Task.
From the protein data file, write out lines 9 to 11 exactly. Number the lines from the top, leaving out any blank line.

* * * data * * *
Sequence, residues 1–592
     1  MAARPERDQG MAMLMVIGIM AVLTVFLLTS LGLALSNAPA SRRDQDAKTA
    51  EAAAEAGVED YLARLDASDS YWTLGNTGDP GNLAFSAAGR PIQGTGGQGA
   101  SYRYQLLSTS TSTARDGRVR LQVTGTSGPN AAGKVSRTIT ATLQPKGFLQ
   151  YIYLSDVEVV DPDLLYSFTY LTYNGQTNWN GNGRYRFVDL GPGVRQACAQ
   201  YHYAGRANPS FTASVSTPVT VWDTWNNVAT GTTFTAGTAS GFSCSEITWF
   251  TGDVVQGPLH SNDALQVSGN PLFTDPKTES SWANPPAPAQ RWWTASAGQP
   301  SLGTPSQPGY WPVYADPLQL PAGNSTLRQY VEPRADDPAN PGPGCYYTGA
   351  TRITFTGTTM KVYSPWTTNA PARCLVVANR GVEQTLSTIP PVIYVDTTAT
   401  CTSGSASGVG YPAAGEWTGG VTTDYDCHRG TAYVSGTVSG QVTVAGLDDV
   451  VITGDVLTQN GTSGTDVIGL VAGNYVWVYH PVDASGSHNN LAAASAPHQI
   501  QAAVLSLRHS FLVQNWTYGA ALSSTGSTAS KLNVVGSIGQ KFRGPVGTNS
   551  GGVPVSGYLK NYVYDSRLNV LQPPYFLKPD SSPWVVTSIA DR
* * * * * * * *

   351  TRITFTGTTM KVYSPWTTNA PARCLVVANR GVEQTLSTIP PVIYVDTTAT
   401  CTSGSASGVG YPAAGEWTGG VTTDYDCHRG TAYVSGTVSG QVTVAGLDDV
   451  VITGDVLTQN GTSGTDVIGL VAGNYVWVYH PVDASGSHNN LAAASAPHQI